Our hospice nurse still says that in 'the end' we may need to put him in the bed to take care of him....but we doubt it! We'll see....
Good Luck to you--Beth
 

liz

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Can't the ALS/MDA centers provide consulting and education to the home care agencies?

-Liz
 

CindyM

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Good point, Liz. They must have, at the least, some literature to offer caregivers. If not, I'd try to set up a meeting with the home care folks and someone from my local ALS chapter. It would have to be handled sensitively since nobody likes being told how to do their job, but a PAL needs a good advocate now and then! Cindy
 

Mary Helen Barr

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Thanks for the responses! My father sometimes has coughing fits, and when he's in his recliner, he brings the chair forward so he can sit up a little. In a bed, the legs stay straight out, so that would not be possible, and he would panic. Also, in a bed, he tends to "slump", and it would be extremely difficult for anyone to get him moved back into position. In his recliner, I can squeeze his knees with my knees, and lift him up a little and "pop" him back into position. (The physical therapist showed me that trick). Anyway, it seems that ALS is like nothing else, and every patient also is different, so to just make a blanket statement is not helpful or practical.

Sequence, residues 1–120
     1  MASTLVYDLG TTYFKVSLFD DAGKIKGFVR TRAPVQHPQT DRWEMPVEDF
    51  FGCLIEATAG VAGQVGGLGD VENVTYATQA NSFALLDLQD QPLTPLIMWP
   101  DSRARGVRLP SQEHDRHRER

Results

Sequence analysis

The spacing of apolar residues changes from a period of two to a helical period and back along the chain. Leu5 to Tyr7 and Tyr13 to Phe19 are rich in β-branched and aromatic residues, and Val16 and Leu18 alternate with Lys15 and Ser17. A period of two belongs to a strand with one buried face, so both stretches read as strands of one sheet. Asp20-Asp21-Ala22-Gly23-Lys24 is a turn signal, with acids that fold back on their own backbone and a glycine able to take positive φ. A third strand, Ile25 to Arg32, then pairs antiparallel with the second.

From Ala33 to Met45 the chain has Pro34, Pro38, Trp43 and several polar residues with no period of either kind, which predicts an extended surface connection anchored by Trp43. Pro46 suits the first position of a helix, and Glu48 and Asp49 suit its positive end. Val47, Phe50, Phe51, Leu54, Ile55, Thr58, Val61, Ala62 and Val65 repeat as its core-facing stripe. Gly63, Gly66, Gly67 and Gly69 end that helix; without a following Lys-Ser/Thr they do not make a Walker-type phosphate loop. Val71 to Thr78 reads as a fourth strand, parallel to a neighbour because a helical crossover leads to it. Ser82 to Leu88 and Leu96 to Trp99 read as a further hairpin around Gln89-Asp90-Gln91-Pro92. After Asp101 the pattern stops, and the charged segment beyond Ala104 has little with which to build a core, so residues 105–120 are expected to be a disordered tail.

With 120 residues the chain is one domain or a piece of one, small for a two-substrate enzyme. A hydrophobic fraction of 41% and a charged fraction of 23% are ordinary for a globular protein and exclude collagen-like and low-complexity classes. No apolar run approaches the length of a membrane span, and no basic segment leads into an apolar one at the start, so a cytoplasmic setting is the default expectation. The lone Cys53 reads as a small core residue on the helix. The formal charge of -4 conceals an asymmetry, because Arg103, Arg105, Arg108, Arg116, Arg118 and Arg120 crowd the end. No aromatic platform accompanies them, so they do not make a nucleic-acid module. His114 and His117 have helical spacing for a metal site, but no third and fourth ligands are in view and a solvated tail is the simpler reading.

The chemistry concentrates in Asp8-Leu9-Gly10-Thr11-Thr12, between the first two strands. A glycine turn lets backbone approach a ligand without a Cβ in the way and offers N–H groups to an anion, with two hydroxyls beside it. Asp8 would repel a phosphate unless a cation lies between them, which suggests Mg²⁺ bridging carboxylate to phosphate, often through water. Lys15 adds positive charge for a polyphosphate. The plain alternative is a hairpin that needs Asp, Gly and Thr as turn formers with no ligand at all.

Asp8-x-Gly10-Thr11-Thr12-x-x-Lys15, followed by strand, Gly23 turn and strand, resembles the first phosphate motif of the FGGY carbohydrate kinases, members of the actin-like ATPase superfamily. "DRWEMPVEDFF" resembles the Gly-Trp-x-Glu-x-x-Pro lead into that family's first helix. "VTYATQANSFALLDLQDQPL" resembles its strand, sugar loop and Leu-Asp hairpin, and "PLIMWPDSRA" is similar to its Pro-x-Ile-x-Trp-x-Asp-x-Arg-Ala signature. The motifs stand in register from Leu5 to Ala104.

MtPockets

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I love my lift chair recliner. I spend a lot of time in it because when I lay flat in the bed at night my legs begin to hurt really bad. Since I cannot move them, unless I wake up and move them with my hands or have my wife move them, I think this is why they hurt.

When I'm in the power lift chair I can change positions when it begins to hurt, sit up to eat, and go all the way up to transfer to the wheelchair. This helps my wife a lot since she has a bad back.

So if anyone is considering a lift chair, I'd recommend one that also has the heat pad feature on the back. That helps a lot too.

God Bless
Capt AL